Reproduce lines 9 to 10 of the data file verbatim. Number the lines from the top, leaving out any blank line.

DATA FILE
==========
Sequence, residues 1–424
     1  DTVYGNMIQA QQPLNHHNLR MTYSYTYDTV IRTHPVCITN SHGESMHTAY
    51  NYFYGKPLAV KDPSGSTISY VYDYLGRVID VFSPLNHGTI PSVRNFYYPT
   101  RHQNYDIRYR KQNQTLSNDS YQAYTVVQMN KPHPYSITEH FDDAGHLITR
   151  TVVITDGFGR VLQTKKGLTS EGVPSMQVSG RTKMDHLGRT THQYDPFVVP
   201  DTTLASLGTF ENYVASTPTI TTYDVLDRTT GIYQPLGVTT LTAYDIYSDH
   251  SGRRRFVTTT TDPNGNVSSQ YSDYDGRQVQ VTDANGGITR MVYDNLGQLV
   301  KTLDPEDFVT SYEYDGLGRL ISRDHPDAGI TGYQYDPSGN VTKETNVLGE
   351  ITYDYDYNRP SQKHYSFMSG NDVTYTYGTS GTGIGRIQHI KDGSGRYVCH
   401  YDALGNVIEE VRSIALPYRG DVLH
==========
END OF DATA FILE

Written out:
   351  ITYDYDYNRP SQKHYSFMSG NDVTYTYGTS GTGIGRIQHI KDGSGRYVCH
   401  YDALGNVIEE VRSIALPYRG DVLH